Herman Melvilleâ€™s Moby Dick is a tale told in 212,507 words. Those words, considered to be some of the most classic in the history of literature, are important. But equally important as â€œCall me Ishmaelâ€ is the period after it. Without punctuation, the first two lines of the book would read something like this:
Call me Ishmael some years ago never mind how long precisely having little or no money in my purse and nothing particular to interest me on shore I thought I would sail about a little and see the watery part of the world
Are we supposed to call him Ishmael some years ago, never mind how long? Kind of hardÂ to say, donâ€™t you think? Like weâ€™ve said before, punctuationÂ adds structure and intention to a piece of text. SomeÂ 45,000 punctuation charactersÂ areÂ asÂ integral to Melvilleâ€™sÂ voice as the words of Moby Dick themselves. As a piece of graphic design, the glyphsÂ stand on their own, too.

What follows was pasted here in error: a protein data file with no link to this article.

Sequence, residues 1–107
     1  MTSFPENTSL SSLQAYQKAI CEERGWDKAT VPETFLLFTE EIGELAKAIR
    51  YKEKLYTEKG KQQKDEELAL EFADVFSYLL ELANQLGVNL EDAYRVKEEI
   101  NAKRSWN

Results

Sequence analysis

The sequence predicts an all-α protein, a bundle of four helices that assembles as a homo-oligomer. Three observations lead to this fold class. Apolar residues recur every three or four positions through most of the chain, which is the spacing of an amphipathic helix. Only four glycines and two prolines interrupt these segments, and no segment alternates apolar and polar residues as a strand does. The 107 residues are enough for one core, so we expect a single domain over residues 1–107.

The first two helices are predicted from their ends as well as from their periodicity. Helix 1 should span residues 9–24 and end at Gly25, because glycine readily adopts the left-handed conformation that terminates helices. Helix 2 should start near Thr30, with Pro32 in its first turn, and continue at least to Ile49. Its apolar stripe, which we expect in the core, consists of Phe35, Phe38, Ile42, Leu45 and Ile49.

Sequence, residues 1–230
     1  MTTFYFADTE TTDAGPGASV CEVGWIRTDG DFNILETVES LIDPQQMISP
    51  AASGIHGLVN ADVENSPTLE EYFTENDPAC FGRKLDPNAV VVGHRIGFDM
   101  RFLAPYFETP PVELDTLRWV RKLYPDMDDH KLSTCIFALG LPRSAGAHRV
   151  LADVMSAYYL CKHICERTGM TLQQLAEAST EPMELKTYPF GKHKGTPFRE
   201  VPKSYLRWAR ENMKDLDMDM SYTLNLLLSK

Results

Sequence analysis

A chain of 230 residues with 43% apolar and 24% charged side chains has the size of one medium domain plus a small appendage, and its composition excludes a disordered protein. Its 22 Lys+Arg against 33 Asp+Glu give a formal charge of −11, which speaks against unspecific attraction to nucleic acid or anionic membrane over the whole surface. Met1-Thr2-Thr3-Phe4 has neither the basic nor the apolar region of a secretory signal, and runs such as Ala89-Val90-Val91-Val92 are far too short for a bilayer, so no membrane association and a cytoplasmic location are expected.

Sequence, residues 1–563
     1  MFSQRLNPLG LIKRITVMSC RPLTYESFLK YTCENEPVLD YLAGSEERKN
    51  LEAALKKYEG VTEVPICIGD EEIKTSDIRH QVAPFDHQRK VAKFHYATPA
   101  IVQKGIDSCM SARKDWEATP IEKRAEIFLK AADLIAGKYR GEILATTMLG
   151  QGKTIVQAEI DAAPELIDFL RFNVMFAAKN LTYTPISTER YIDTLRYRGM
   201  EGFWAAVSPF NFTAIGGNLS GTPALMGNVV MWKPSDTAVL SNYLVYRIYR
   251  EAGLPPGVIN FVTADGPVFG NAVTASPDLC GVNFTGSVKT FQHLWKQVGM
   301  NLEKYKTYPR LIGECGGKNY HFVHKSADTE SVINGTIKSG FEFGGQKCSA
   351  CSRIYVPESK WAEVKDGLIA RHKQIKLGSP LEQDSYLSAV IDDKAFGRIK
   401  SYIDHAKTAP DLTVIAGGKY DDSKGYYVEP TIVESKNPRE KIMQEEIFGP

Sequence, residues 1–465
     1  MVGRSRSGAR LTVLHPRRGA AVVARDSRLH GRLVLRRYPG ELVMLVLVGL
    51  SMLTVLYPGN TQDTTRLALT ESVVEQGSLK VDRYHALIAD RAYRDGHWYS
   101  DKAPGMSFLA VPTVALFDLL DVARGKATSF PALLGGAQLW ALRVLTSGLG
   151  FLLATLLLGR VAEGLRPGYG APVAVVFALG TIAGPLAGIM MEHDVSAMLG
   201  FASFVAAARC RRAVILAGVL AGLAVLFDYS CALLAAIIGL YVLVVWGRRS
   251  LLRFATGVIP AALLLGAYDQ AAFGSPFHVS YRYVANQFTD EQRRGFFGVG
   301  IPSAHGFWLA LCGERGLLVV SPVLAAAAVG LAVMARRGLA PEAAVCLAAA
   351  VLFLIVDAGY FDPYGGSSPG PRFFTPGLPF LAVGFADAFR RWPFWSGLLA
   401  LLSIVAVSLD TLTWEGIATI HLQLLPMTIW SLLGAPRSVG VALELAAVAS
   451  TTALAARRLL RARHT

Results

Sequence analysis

Nicholas Rougeux is a designer and artist from Chicago who decided to see what it would look like if all the words were removed from classic pieces of literature. The result is Between The Words, a series of posters that celebratesÂ the dots, dashes, and quotation marks sprinkled throughout iconicÂ literary works. Rougeux started making his swirling designsÂ by pulling in the text of all nine books from Project Gutenberg. From there he used a software called RegExr to strip the text of words, line breaks, spaces and numbers, leaving just lines of shapes and symbols that he would later swirlÂ into a vortex of typographical confetti.
Each poster is a visual snapshot of the authorâ€™s use of punctuation. CommasÂ and quotation marksÂ appear to be the most common glyphs, followed by a smattering of dashes (Melville loves them!), exclamation marks, and the occasion parenthesis. Itâ€™s slightly reminiscent of All The Worldâ€™s a Page, a project from a German design studio that artfully crammed every word of classic books onto a single 70Ã—100 centimeter poster. Rougeuxâ€™s visualization is, inevitably, more minimalist, but it achieves the same goal of translating the unseen structure of literature into something thatâ€™s not only graphically beautiful, but illuminating, too.